Hackers may often be mistaken for voodoo priests, but don't tell that to the computer "zombies" they've commanded to do their network clog-up bidding.
A new form of denial-of-service (DoS) attack caused by the trin00 and Tribe Network Flood programs has been wreaking havoc on bandwidth on a larger scale than ever before, according to Chris Klous, founder and chief technology officer of Atlanta-based Internet Security Systems (ISS).
This DoS attack employs a simple concept: sending bogus packets from a remote location to IP routers, where they then collect and eventually plug up a pipe. The danger is manifested in this version of the DoS attack because the hackers are gaining control of as many as thousands of vulnerable zombie computers to magnify and direct their full-scale assault against a single victim from all directions.
"A PING flood against a single machine may be an annoyance against someone's network, but with a thousand zombie machines, it's a thousand times stronger," Klous said. "You can't even communicate, because your routers and your connections are filled with trash. It is known to clog the biggest [pipe], like a T3 connection."
Klous said ISS has seen this type of attack hit university, government, e-commerce, military, and financial networks. He said that these attacks are typically Unix-and Linux-based, but the DoS can penetrate any machine because the bandwidth, not the host, is being targeted.
"If you can't do business, especially at this time of year, that can become costly," Klous said. "Too many companies are jumping onto the e-commerce bandwagon without putting any thought to security."
Matt Kovar, an analyst at the Yankee Group, in Boston, said this type of DoS attack is among the hardest to discover because the distributed dynamic source of the onslaught is not being repeated from the same IP address or origin point.
Kovar said the very fact that a machine can be taken command of and used for an ulterior purpose only opens the door for more dangerous forms of Trojan horse computer manipulations to come.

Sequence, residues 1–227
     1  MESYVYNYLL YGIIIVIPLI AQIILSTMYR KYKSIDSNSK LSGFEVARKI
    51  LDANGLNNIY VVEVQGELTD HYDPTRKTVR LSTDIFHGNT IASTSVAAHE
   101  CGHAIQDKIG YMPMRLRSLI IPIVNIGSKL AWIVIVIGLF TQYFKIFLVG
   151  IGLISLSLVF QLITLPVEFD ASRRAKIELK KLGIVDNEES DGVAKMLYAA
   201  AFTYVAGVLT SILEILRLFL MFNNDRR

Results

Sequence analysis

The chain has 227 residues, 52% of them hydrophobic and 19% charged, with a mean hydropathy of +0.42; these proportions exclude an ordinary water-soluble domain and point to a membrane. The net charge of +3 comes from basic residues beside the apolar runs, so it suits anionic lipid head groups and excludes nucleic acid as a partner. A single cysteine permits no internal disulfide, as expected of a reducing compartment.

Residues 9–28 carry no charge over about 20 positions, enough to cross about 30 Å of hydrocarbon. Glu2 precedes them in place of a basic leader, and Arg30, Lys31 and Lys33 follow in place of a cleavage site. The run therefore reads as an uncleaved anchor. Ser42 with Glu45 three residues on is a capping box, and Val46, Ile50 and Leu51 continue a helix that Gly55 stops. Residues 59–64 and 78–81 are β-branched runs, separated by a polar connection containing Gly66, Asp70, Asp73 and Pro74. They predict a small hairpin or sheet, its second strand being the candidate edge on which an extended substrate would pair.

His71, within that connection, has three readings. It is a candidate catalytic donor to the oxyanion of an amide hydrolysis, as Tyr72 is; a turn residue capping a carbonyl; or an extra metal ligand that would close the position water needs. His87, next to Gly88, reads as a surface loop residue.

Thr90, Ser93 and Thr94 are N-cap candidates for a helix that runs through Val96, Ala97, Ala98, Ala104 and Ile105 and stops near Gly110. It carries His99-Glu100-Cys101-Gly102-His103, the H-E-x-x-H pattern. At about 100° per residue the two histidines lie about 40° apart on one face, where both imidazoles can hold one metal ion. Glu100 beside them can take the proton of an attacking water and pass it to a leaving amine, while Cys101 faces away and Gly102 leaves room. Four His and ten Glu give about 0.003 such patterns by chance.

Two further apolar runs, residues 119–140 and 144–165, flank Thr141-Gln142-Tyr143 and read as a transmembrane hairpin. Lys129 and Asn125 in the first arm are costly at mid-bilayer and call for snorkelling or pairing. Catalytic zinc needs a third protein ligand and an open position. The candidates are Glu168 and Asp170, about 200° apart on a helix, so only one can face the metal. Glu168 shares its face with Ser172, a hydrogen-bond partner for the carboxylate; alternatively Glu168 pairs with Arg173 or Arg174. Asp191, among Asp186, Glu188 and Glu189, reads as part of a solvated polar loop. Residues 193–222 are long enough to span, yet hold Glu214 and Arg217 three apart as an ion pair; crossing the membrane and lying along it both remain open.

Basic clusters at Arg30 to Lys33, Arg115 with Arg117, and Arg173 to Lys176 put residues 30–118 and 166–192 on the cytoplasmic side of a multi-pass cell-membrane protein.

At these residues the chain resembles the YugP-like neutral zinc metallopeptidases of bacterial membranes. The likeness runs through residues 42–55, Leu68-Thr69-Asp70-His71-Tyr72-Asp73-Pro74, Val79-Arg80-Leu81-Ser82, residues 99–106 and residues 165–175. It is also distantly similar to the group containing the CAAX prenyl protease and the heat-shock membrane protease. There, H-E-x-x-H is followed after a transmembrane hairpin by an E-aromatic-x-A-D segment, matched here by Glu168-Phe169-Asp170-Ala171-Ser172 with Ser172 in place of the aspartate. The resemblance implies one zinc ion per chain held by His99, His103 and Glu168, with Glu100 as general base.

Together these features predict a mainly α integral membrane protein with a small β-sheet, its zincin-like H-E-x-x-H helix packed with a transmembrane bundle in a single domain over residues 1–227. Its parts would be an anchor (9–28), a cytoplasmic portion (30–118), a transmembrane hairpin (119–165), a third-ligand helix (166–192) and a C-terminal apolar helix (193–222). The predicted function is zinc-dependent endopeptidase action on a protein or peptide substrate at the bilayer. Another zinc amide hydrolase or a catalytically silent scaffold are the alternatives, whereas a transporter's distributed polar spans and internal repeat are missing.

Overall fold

"Once you figure [out] how to gain access to a lot of things, it opens a bunch of other opportunities to go out into the world," Kovar said. "The reality of the situation is some of these attacks may happen all at once or over time. You can create attacks that will recur during significant times of the day."
Klous said ISS has received reports that this type of DoS attack is affecting everyone, from small to large companies.
Elias Levy, chief technology officer at SecurityFocus.com and moderator of Bugtraq, a computer security mailing list, said it's difficult to fix the damage and try to save the good packets being dropped by routers in lieu of the DoS-induced network logjam.
"You have to figure [out] who's sending those packets to you, contact them one by one, and [contact] their systems," Levy said.
"It could be hundreds of machines on the Net that are just sitting there. People might not even know they're being affected," Levy said.
Fighting DoS attacks
Use the following to prevent and combat denial of service attacks: search for many User Datagram Protocol packets with the same source, but different destination, ports; identify Internet Control Message Protocol "port unreachable" messages with the same source and destination IP; block backdoor network attacks; use intrusion and detection software.